There are nine kinds of grinders, each with different fillings (including a vegetarian). All of them are served open-faced, exactly as they come out of the small, flat, stainless steel oven, like a pizza. And there the similarity to the pie doesn’t end because the bread is more pizza-like than, say, French roll, having a denser chew and developing a crackly exterior as it bakes. It is also thin, which places the emphasis as it should on the toppings. The ‘Garbage’ (image above) has salami, ham and pepperoni, two kinds of melted cheese (one of which is mozzarella) and their ‘secret’ sauce. After baking, the sandwich is topped with fresh vegetables: mild sliced onions, half moons of Roma tomatoes, green bell peppers, pickles, olive oil and something called EZ salt. Every sandwich is made-to-order, which can end up in a long wait when there are lots of customers, but the result is piping hot. Fold the sandwich over in half and eat. The Garbage Grinder (☆☆☆☆) is my third excellent dish I’ve enjoyed on this road trip.

The meatball sandwich came on a French roll. It too is baked, with a smear of house-made spaghetti sauce and minced onion and bell peppers and sliced mushrooms. My wife liked the sandwich (☆☆☆), especially its savory meatballs, though she prefers the southern Italian version which has a zestier sauce (marinara) and more of it, and no visible aromatic vegetables.

Meatball sandwich

Meatball sandwich

On the wall is a map of the U.S. where customers can place a push pin where they’re from. Started in February of this year, there were at least three pins from all 50 states, a remarkable statistic. It would be interesting if there was also a map of the world. Luigi’s claims to make 150-200 sandwiches per day. Is Luigi’s an excuse to stop in Medford when passing through again? It would be a great temptation, I’ll say that.

Luigi’s Italian Sandwiches
1819 N Riverside Ave
Medford, OR

Lunch at Pallino Pastaria (University Village)


Italian restaurants around here have gone upscale. It’s almost impossible to find a ristorante with reasonable prices, especially in the suburbs where it’s unlikely you’ll come across a neighborhood spot. In walkable U.S. cities with large Italian-American populations like along the East Coast and in Chicago, this is probably not the case, but out here in the West, it’s a no-show. A plate of spaghetti with meatballs for $15? I don’t usually bite.

That’s why it’s a welcome relief that restaurants like Pallino Pastaria have come in to fill the gap. I suspect that Olive Garden owes much of its success to the value the chain provides. Though Pallino is a Washington chain, their mission is to serve well-prepared Italian food at less than a king’s ransom in an informal, family-oriented setting. Does it work? Their expansion into other locations over the years shows that it has. Is it gourmet food? No, but it’s pretty good.

Take their meatball sub sandwich (Meatball pomodoro) (☆☆☆). Four two-inch meatballs are served in a freshly baked ciabatta roll, lightly dressed with a very good tomato sauce. My gold standard for such a sandwich was a little take-out in Westchester near LAX airport. Now closed, Pizza Napoli made the most delicious meatballs that were topped with mozzarella slices, slathered in a sauce that usually wound up on my shirt and sandwiched inside the lightest of baguette-style rolls. I think in the early days, I might’ve gone once a week for that sub. But, in fairness to other sandwiches to which it has since been compared, Pizza Napoli’s was a Southern Italian version that had great appeal to me for its zesty killer marinara. Pallino’s is a very good version without Napoli’s lava flow of sauce but livened up by marinated bell peppers that added zing. A good panade tenderized the well-seasoned beef and pork meatballs. A difficult sandwich to hold without the insides falling out, cutting the meatballs in half should stabilize the situation.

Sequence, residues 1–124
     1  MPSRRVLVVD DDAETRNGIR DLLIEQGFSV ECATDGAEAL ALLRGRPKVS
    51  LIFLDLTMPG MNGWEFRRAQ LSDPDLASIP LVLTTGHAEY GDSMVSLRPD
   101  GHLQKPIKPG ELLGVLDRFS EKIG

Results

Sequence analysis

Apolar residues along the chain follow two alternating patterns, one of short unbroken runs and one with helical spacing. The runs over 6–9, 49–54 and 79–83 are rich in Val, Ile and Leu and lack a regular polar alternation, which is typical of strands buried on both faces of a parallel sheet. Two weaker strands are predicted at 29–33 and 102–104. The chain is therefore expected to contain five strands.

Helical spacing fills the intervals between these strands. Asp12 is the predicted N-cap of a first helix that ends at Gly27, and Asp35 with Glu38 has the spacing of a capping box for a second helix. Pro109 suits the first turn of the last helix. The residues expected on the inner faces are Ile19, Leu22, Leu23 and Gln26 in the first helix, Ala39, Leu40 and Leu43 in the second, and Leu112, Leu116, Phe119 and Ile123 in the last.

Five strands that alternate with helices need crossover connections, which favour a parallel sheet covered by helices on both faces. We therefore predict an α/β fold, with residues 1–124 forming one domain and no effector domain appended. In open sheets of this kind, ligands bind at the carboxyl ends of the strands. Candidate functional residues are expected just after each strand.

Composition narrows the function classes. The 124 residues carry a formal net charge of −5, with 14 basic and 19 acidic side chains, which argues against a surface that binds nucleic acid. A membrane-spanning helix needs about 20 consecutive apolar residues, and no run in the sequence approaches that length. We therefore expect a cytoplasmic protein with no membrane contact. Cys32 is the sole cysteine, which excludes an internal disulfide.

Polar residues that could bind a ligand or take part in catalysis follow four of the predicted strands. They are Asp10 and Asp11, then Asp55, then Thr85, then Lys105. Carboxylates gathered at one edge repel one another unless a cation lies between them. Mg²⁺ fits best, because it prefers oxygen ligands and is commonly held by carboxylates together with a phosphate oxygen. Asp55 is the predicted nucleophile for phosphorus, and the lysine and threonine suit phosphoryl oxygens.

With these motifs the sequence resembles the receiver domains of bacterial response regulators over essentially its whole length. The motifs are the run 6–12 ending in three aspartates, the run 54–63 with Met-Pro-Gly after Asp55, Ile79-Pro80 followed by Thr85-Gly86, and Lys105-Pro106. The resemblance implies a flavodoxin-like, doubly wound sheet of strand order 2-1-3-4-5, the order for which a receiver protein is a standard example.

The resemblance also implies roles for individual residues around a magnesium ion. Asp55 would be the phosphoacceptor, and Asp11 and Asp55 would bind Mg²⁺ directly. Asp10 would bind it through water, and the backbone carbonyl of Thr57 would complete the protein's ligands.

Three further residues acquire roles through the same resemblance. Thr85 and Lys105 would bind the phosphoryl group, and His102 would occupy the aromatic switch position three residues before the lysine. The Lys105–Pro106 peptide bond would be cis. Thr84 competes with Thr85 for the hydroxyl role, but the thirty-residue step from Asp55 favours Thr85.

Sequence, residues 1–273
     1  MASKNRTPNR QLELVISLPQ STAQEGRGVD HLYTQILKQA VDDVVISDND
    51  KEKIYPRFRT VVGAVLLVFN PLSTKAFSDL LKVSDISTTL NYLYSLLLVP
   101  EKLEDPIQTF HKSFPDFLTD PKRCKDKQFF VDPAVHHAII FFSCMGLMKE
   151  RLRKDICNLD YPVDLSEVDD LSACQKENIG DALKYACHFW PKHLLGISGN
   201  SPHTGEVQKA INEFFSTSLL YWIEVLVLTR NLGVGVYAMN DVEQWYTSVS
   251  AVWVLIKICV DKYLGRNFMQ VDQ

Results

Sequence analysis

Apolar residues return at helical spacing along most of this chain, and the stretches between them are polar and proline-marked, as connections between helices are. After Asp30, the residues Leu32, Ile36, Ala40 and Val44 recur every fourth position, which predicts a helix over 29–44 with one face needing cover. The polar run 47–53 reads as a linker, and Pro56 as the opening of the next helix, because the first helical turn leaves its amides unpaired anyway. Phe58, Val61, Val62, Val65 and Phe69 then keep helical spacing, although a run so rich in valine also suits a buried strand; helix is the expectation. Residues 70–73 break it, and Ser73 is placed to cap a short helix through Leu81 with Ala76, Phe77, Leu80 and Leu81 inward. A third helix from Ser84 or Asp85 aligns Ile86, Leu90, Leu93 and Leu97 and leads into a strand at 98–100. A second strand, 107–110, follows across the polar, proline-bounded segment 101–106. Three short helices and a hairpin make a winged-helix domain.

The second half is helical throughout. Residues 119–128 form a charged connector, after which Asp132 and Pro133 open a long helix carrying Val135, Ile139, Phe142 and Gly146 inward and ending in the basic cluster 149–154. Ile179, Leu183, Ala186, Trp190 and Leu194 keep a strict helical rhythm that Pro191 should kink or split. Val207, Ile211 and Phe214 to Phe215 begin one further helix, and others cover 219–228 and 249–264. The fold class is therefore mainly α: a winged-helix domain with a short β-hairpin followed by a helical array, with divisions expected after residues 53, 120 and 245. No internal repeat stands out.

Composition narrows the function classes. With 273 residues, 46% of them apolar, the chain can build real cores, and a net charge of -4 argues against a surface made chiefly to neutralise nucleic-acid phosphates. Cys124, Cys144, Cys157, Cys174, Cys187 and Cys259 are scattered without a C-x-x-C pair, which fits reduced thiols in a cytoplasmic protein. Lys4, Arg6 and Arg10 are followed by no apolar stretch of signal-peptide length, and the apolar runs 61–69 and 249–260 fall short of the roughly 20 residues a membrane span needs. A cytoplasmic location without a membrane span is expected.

Meatball pomodoro

Meatball pomodoro

Closer to a tomato explosion was their soup (pappa di pomodoro) (☆☆☆½) chockfull of fresh tomato chunks and thickened with bread. This was a zesty soup, tart, slightly sweet and herbal, delicious and satisfying. My wife orders it almost every time we dine at Pallino. Despite the soup’s excellence, my preference is their Italian wedding soup (☆☆☆½) that is more brothy and savory, which I didn’t get today.

Pappa di pomodoro

Pappa di pomodoro

Finally, we shared a chopped salad (☆☆☆) that was dressed with a judicious amount of a mild Italian vinaigrette. I prefer not having big slices of chicken breast in a chopped salad, but this is a minor quibble.

Chopped salad

Chopped salad

We wound up at Pallino Pastaria as we were surveying the restaurants in University Village, almost every one of them aimed at a well-heeled crowd, including the all-Asian-noodles-to-all-people, Boom. For about half the price of other places, we enjoyed a satisfying meal.

Pallino Pastaria
2626 NE 46th St.
Seattle, WA 98105
206.522.8617